Depending on what side of the fence you sit when it comes to whether you should give in to capitalism in order to survive, you can read High School Musical 2 as either anti or pro capitalist. Whether it is or not, the film is explicitly about how horrible it is to work; especially to serve those who do not work. It's about the ways in which money can motivate us to do things we wouldn't otherwise. As Fulton tells Gabriella, "sometimes, we have to perform tasks, however unpleasant, that are necessary for that all-too-important paycheque to land in our all-too-empty pockets!" Even if the people in the film don't necessarily believe in the system, they have to work within it to get what they want. They often work from the time the doors open until late at night. They are not allowed the same privileges and facilities as the members and are even banned from partaking in the members' annual talent show. When Troy gets the chance to see life from the other side, he's far less against nepotism and wealth than he was before. When he starts to regret how his success is affecting his friends, his dad tells him coldly, "it's called a job". In the last song, "All For One", everyone, rich and poor, workers and members, cast aside their differences and uniforms to sing together and have a pool party. So yeah, in some ways, it's like Animal Farm but with more abs and pop songs.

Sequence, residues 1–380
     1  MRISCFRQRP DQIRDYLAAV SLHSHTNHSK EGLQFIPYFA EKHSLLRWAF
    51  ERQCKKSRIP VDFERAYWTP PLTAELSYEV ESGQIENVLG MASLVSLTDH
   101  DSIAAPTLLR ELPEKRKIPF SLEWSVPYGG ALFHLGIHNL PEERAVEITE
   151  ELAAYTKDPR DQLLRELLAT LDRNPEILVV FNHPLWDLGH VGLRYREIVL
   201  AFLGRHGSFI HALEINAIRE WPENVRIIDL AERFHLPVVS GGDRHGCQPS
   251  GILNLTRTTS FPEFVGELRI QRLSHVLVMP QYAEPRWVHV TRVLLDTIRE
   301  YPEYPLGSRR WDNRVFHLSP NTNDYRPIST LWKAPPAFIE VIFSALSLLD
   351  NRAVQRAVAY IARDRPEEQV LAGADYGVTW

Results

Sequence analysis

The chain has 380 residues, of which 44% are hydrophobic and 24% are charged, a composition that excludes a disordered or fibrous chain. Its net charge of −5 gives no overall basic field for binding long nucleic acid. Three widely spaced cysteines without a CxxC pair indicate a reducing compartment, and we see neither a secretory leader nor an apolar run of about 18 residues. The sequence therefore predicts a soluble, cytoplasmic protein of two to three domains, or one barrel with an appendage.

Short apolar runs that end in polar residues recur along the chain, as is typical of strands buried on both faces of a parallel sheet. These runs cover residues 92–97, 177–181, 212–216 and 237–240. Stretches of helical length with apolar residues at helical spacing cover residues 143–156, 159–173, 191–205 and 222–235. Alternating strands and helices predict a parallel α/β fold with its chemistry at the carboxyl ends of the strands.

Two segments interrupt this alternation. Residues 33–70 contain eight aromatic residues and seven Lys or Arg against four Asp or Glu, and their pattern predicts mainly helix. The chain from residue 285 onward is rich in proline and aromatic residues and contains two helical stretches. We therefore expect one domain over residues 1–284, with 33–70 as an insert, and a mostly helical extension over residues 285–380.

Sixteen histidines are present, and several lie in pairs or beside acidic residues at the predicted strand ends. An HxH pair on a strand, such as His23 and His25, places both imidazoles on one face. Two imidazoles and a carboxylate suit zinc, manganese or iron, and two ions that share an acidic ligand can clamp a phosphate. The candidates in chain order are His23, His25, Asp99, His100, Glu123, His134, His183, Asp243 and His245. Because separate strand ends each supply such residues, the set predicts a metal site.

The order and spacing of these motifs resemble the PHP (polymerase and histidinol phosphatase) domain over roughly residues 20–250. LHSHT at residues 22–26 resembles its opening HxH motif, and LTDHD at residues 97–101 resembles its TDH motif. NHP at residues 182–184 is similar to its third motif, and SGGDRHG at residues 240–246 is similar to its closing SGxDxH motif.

High School Musical 2 has also been read as lowkey exploring themes of queerness. In the film's fifth song, "I Don't Dance", Ryan goes to Chad's baseball game and tries to convince him to dance in the talent show. It could be understood as yet another push-and-pull between Chad's interests, but there is arguably something deeper. Ryan, who until this point has never expressed any sexual desire or really spoken to anyone but his sister, tells Chad that if he can exist in 'his world', then Chad can dance. "I don't dance", Chad tells Ryan. "There's just one little thing that stops me every time." Through flirtatious dance and glances and overarching baseball metaphors (batting for the other team, etc) things heat up a little: "you'll never know if you never try", Ryan tells Chad. As Ryan gets better at baseball, he proves to Chad that it isn't one or the other. It isn't baseball or dancing, just like it isn't one gender or another. With compromise, you can have whatever, and by the end of the song they've swapped outfits. While it might be a reach, it looks like as overt a metaphor for sexual fluidity as you could get away with on the Disney Channel in 2007.